Terry Young, Emeritus Professor at Brunel University London and Director of Datchet Consulting, writes for Hospital Times and suggests how technology could be used better to improve hospital design.

We are still adding capacity for emergency provision and closing smaller sites to pay for it. Why is this still happening and how can we turn it around?

20 years ago, two groups used computer models (Lane, et al., 2000) (Wolstenholme, 1999) to show how extra hospital capacity would always fill up, whereas streamlining patient discharge would increase the number treated. Bluntly, their recommendations were for better solutions at the exit, instead of more capacity at the entrance.

“The overflow problem in urgent care is not primarily clinical or financial: it is about design”

Nonetheless, the NHS has invested heavily in extra urgent care capacity on the hospital frontline so that the UK now has 225 Acute Medical Units (AMUs) across its 152 acute trusts (according to NHS Confed statistics). Clearly, AMUs are a wonderful medical idea, but they are not the way to increase access or shorten waiting times in accident and emergency departments. The overflow problem in urgent care is not primarily clinical or financial, it is about design. We know that if we invest in capacity, our flow will never be far from crisis.

Healthcare delivery is a knowledge problem

Providing healthcare to millions of people is best thought of in terms of knowledge, rather as Sun Tzu saw war as an information challenge. Clearly, without good diagnosis and treatment, care is ineffective or worse, but millions die globally even though someone somewhere might have had the knowledge to treat and enable patient recovery. So how can we connect our knowledge to where it is needed most?

The above figure illustrates a knowledge paradox. Providers need people with specialist knowledge: the better and more complex the care on offer, the larger the provider community. Thus, hospitals are inevitably large, and will keep growing as the communities they serve grow and their needs grow more complex. Big hospitals are expensive, so we must spread them out.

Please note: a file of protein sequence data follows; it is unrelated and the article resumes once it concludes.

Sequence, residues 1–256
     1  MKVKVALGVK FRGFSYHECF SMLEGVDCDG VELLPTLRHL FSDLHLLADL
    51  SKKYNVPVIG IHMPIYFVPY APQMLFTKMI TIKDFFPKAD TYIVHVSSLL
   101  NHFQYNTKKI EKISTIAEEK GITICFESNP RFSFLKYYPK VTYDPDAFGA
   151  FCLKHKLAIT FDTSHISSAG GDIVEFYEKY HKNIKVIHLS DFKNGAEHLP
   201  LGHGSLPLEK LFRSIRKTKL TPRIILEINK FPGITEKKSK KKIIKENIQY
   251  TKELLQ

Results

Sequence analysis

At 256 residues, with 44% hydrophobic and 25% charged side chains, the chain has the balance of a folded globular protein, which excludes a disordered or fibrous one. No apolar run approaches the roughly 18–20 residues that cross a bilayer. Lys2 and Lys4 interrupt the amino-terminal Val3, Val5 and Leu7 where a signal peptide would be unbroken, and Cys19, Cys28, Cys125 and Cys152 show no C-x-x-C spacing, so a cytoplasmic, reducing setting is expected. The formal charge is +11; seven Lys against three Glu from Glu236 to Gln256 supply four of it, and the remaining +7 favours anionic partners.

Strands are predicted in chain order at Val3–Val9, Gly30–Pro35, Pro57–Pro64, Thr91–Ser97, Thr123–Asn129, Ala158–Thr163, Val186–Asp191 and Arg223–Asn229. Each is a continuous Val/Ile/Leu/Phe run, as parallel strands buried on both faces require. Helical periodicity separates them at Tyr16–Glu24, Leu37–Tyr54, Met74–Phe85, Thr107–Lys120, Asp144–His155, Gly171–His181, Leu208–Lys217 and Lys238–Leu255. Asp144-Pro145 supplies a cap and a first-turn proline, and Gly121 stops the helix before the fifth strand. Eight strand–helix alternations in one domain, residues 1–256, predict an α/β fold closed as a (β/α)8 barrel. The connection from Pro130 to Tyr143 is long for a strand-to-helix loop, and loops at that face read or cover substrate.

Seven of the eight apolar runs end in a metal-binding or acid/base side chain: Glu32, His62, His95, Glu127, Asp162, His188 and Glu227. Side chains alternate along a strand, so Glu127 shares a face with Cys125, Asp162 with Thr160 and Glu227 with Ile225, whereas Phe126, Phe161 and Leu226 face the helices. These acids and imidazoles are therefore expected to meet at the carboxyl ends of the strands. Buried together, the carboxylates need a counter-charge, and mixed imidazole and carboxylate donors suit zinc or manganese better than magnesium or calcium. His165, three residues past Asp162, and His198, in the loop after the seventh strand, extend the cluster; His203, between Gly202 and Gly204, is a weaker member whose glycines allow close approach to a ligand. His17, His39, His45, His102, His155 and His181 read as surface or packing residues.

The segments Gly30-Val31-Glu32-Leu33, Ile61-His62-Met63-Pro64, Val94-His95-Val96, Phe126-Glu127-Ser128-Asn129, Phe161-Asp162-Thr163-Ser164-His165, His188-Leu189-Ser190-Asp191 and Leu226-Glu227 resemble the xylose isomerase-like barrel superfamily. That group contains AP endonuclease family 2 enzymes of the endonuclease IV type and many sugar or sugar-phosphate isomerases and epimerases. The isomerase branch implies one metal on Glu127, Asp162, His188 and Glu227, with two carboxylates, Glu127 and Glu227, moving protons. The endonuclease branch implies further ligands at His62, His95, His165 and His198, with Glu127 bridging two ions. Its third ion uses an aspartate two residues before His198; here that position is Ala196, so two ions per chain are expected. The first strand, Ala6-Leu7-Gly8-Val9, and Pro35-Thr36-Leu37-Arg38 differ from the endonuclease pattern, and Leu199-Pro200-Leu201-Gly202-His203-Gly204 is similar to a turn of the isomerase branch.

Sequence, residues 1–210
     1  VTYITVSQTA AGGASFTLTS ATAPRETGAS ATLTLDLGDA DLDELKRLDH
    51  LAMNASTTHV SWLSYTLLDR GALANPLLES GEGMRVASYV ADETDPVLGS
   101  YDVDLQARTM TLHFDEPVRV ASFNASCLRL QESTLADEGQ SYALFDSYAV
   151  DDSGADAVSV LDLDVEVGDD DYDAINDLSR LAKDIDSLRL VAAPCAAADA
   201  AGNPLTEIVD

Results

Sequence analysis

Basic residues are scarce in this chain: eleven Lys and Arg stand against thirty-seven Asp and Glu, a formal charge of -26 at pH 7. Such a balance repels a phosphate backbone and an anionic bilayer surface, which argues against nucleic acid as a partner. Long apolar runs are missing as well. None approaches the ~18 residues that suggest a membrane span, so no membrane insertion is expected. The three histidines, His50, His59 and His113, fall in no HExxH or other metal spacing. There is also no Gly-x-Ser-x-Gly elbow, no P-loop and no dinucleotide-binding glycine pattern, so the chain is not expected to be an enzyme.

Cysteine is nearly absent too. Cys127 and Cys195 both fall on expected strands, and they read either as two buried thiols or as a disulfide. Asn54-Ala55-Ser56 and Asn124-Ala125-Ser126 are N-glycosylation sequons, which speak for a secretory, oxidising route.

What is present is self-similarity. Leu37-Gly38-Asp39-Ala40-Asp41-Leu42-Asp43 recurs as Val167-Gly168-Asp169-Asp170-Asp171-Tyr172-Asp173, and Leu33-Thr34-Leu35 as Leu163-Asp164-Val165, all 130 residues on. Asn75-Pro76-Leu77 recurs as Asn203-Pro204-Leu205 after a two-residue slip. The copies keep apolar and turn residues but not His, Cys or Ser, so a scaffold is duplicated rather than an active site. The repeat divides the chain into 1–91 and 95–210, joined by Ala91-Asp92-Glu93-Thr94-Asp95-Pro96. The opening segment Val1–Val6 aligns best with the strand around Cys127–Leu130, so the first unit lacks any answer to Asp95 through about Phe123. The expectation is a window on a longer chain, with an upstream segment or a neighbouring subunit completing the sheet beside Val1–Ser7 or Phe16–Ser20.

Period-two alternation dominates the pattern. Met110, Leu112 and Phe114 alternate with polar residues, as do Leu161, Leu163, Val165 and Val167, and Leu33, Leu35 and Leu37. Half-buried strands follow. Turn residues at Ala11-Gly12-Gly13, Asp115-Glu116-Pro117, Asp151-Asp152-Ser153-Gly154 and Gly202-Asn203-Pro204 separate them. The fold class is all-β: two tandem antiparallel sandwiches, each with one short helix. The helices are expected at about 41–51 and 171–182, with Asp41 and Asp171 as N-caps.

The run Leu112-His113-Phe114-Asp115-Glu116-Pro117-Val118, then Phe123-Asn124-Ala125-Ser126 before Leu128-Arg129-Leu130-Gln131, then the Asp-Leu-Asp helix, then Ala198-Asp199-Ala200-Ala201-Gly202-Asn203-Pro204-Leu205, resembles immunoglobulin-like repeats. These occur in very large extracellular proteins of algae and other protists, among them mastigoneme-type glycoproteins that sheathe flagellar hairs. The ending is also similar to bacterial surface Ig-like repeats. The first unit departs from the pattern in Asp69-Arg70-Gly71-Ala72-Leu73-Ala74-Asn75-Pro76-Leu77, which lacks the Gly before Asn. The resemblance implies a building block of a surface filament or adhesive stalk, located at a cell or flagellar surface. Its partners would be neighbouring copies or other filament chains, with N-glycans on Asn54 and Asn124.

However, those receiving care prefer localised services within easy reach and would like an expert who knows their name. This type of knowledge really does need something on every street corner.

Breaking the knowledge paradox

The primary-secondary care partition was an early attempt to address this paradox. However, when the internet changed what we knew about information and geographical separation, the healthcare dream became a possibility: a huge knowledge community within striking distance of anyone.

Again, about 20 years ago, the NHS set out with the National Programme for IT (later, Connecting for Health) to link the NHS’s major care provision facilities. However, the information solution was not tried and tested. It was deemed too difficult to use and later the programme was abandoned (with a nod to Chesterton).

It is interesting that Walmart, which viewed selling as an information challenge, managed to connect its suppliers and recast its knowledge paradox in retail about a decade earlier. The cost and complexity were not a million miles away from those faced in the project that the NHS closed, so it is tempting to ask why this knowledge was not made to work.

We have known about flow and capacity for a long time and have had a clear analysis of hospital systems since at least the start of the millennium (with models of wards etc., for a few decades before that). We know how to make flow work, much of it learned in the 1980s and 1990s in other sectors. Those sectors, too, have their knowledge paradoxes but have found their way around them.

End of the road for hospitals? 

It is certainly not the end of the road for hospitals. The tools we need to prototype new service concepts and design the smallest details of flow along patient pathways already exist and have all been reported somewhere. The underlying principles of how systems work and what the knowledge economy looks like in other sectors have been clear for some time. Design tools and information infrastructure are not optional extras, they are foundational concepts.

Let’s stop building onto hospital entrances and make the exits smarter. Let’s stop counting beds and start measuring the knowledge envelope. Let’s call a halt to improvement and say hello to design.


Lane, D. C., Monefeldt, C. & Rosenhead, J. V., 2000. Looking in the Wrong Place for Healthcare Improvements: A System Dynamics Study of an Accident and Emergency Department. The Journal of the Operational Research Society, 51(5), pp. 518-531.

Wolstenholme, E., 1999. A patient flow perspective of UK health services: exploring the case for new” intermediate care” initiatives. System Dynamics Review, 15(3), pp. 253-271.